In L.A., grocery shopping is an extreme sport. Weekly, I threaten my husband that I'm going to start keeping a log detailing how many miles and how much time I spend shopping. I can tell you right now the carbon footprint is not pretty.
When I was a kid, we shopped at the neighborhood supermarket once a week, where we bought bags and bags of groceries, always the same. When I was very young, a neighbor's husband was transferred to
How times have changed. If you're willing to put in the effort, L.A. right now is a cook's paradise. For me, the farmers market is the highlight of the week. I love strolling in the open air, reveling in the fantastic produce the farmers have hauled down to the city in the early hours of the morning. Chatting with the same vendors week after week — See Canyon for dry-farmed fruit, Weiser Family Farm for potatoes and melons, Coleman Family Farms for unusual greens, and many more.
I love tasting before buying. And yes, touching. Unlike those grumpy stallholders at the open-air markets in France, you can feel up the goods and even bag your own produce. The excitement of the first Blenheims, the Braeburn apples, desert-grown melons, scarlet piquillo peppers and knobby potatoes with the dirt still clinging! I let the produce lead me in my cooking. What I find at the farmers market dictates the menu.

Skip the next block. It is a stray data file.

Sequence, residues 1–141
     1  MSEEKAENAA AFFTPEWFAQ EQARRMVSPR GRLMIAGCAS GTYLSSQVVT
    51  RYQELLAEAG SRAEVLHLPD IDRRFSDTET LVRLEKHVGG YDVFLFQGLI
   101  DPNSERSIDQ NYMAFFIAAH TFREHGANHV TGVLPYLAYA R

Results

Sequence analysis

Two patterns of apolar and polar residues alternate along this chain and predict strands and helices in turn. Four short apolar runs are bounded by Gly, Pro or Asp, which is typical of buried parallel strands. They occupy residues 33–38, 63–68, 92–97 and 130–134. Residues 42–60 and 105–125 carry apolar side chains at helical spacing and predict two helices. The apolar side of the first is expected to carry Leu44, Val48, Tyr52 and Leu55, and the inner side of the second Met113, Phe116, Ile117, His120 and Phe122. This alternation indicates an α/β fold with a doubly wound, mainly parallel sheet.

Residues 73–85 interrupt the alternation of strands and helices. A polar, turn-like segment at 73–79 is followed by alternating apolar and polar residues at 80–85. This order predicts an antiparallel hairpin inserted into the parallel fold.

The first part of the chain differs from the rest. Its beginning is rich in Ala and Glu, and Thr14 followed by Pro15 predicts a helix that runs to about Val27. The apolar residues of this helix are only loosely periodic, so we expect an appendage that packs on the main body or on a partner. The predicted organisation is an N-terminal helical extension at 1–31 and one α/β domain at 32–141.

Then comes the harder part when I shop for everything else, like the French, at specialty stores — making stops for coffee beans (and a quick macchiato) at Intelligentsia or Handsome Coffee Roasters, cheeses from Andrew's Cheese or Cheese Store of Silverlake, fish from Seafood Paradise in Rosemead and meat (how great is it that we now have not only the butchers in the original Farmers Market and Harvey's Guss Meat, which sells wholesale, but also new-generation butchers such as McCall's Meat & Fish or Lindy & Grundy?)
My husband insists on baguettes from Cookbook in Echo Park or Bread Lounge downtown. I might pick up the country loaf from the original La Brea Bakery (recently moved into the former Rita Flora space) or bolillos for sandwiches at the Mexican supermarket Super-A in Highland Park.
Most weekends involve driving to the San Gabriel Valley, usually to 99 Ranch Market or San Gabriel Superstore, for Asian ingredients. Sometimes a shopper will follow us around, curious about what we intend to cook, or will stand next to us, silently pointing to the best brand of fresh noodles or chile paste. At the Armenian and Mexican market Super King, we might load up on cilantro and parsley (8 or 10 bunches to the dollar), limes (sometimes priced at 16 for a dollar) or Persian cucumbers (often as low as 39 cents a pound).
On Saturdays I've often started my shopping at the Santa Monica farmers market and then zigzagged my way east, making numerous stops along the way. How many miles? Ridiculous. Time spent? More than I could ever imagine when I started off.
But I've come to know different neighborhoods, discovered tiny ethnic markets tucked into strip malls and which place has the best feta or olives, where to find bottarga or mozzarella dripping with whey, the best-looking tripe, fresh fish heads for a stock, Spanish chorizo and La Bomba rice for a paella. And, most important, which deli slices prosciutto the way they do in Italy, so finely you could almost read the newspaper through it.
I've given up fretting over the time spent and consider it my weekly urban adventure in search of elusive ingredients, always different, always surprising. And always highly entertaining.